GM responds to Chevy Volt fires

GM found itself in the hot seat after a Volt caught fire three weeks after crash tests, leading the NHTSA to question all EV makers about battery safety.

The 2011 Chevrolet Volt.
The 2011 Chevrolet Volt. GM

GM ended up in the hot seat after a Chevrolet Volt caught fire three weeks after the National Highway Traffic Safety Administration crash-tested the vehicle, reportedly leading the transportation organization to question the safety of lithium ion batteries.

The fire, which damaged several vehicles parked near the defunct Volt, may have started in the plug-in's battery. The NHTSA subsequently launched an investigation into the safety of electric battery technology. GM released a statement this afternoon responding to the news and concerns that its vehicles could be fire hazards.

"First and foremost, I want to make this very clear: the Volt is a safe car," said Jim Federico, General Motors chief engineer for electric vehicles. "We are working cooperatively with NHTSA as it completes its investigation. However, NHTSA has stated that, based on available data, there's no greater risk of fire with a Volt than a traditional gasoline-powered car."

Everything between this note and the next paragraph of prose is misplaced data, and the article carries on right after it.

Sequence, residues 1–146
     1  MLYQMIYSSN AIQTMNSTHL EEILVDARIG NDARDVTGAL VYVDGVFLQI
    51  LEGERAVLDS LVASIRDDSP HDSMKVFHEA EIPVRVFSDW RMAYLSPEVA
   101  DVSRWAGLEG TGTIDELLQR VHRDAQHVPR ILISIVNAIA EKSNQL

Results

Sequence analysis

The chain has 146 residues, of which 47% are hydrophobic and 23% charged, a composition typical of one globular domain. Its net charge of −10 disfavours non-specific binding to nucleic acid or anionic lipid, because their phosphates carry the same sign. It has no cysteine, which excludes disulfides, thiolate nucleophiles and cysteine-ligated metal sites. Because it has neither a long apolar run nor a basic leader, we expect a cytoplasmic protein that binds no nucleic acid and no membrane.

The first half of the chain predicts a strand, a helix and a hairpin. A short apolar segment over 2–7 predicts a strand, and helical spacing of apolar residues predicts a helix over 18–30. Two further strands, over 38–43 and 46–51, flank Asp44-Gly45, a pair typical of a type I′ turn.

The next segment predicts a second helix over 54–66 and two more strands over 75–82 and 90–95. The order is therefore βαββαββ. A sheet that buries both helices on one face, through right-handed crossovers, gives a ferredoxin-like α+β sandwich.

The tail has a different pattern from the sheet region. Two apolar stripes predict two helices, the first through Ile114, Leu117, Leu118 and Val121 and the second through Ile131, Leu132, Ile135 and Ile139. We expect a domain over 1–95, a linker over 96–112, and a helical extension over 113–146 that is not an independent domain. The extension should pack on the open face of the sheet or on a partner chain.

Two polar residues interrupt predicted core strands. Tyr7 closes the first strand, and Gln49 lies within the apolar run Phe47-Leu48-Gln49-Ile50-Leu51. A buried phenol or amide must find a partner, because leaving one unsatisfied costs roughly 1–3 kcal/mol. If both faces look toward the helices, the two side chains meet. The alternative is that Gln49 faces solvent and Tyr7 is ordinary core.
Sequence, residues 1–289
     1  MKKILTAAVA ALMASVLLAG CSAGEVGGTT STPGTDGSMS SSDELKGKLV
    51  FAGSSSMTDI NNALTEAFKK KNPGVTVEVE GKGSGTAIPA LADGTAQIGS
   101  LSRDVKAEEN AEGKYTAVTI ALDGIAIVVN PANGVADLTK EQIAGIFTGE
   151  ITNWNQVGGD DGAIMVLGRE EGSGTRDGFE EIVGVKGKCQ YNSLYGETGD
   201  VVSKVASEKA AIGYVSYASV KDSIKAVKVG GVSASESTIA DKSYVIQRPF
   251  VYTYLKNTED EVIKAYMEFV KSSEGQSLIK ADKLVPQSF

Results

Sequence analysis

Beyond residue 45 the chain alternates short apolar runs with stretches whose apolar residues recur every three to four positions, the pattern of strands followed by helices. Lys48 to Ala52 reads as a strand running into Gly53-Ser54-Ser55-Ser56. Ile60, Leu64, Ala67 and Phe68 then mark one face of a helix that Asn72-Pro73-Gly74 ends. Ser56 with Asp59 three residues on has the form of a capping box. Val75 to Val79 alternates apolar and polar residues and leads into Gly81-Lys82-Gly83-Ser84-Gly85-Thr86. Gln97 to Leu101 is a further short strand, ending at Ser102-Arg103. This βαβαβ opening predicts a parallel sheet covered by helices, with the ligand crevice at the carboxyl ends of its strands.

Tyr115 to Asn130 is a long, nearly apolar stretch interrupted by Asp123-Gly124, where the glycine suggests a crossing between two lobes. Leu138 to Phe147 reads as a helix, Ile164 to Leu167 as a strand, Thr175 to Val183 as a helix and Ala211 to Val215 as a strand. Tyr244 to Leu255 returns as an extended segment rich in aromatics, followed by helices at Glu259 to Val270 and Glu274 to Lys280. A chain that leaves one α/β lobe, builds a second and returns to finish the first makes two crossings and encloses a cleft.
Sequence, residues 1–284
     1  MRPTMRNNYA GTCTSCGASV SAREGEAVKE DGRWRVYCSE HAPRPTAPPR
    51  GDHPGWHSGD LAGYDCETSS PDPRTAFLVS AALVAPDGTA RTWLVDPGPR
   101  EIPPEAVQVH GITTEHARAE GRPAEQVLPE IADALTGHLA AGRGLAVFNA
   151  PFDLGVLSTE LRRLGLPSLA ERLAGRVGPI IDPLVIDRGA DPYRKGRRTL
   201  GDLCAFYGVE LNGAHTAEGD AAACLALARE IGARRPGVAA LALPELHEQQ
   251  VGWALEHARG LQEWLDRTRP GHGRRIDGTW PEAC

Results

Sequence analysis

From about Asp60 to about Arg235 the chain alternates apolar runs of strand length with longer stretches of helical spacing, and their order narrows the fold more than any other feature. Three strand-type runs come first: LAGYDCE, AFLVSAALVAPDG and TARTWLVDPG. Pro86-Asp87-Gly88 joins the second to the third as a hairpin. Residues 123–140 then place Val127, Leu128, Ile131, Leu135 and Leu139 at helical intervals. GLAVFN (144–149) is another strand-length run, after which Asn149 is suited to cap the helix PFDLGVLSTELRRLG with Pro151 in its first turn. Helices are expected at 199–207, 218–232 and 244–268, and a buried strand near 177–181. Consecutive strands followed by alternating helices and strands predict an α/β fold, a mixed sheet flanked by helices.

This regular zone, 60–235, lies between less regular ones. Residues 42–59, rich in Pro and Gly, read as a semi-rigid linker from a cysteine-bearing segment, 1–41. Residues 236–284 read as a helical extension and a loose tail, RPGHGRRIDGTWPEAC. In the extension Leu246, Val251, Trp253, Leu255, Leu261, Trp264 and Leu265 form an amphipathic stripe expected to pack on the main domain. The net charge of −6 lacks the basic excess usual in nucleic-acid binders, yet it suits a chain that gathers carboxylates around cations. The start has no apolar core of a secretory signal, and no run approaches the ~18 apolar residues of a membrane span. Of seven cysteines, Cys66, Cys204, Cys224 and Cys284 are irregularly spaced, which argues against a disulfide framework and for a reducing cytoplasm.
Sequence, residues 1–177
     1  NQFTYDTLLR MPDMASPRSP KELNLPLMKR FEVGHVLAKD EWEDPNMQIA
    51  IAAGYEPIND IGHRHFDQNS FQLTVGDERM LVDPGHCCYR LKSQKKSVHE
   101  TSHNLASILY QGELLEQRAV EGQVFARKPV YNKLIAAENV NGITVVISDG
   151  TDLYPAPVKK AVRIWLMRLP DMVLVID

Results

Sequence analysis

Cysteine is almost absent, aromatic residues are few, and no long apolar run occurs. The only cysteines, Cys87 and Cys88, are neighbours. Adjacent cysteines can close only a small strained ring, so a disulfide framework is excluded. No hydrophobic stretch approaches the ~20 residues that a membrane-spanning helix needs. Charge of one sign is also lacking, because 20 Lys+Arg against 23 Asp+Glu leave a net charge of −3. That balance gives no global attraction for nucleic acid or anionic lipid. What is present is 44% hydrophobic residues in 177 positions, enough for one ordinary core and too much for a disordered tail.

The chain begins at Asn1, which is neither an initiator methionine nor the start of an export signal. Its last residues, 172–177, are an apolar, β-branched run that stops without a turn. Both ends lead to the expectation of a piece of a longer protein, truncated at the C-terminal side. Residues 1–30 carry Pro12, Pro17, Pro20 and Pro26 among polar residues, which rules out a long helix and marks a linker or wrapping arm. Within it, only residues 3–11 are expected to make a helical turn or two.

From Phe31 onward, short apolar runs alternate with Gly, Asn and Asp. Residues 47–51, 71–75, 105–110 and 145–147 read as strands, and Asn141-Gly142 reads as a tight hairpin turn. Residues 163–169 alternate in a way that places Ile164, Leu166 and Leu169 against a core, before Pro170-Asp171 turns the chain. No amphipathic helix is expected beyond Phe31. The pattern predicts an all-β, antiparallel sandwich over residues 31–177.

The lithium ion batteries found in plug-in and electric vehicles are lighter than the nickel metal hydride batteries used in older hybrid vehicles and contain a higher density charge. GM has been proactive in educating emergency responders on electric vehicle safety, including how to cut electricity to the car battery.

Federico argued that protocols need to be established industrywide, including standards for dealing with salvage vehicles, saying, "Safety protocols for electric vehicles are clearly an industry concern. At GM, we have safety protocols to depower the battery of an electric vehicle after a significant crash. We are working with other vehicle manufacturers, first responders, tow truck operators, and salvage associations with the goal of implementing industrywide protocols."

NHTSA is also investigating a North Carolina fire that started while a Chevy Volt was plugged into a home charging unit. Fire department officials have not yet determined the cause of the fire that inflicted approximately $800,000 worth of damage, and said the cause could have been faulty wiring within the house. As a precaution, Duke Energy, which installed the Siemens home charging station, advised all homeowners to stop using the unit until further notice.

Source: Bloomberg and WSOCTV.com

 

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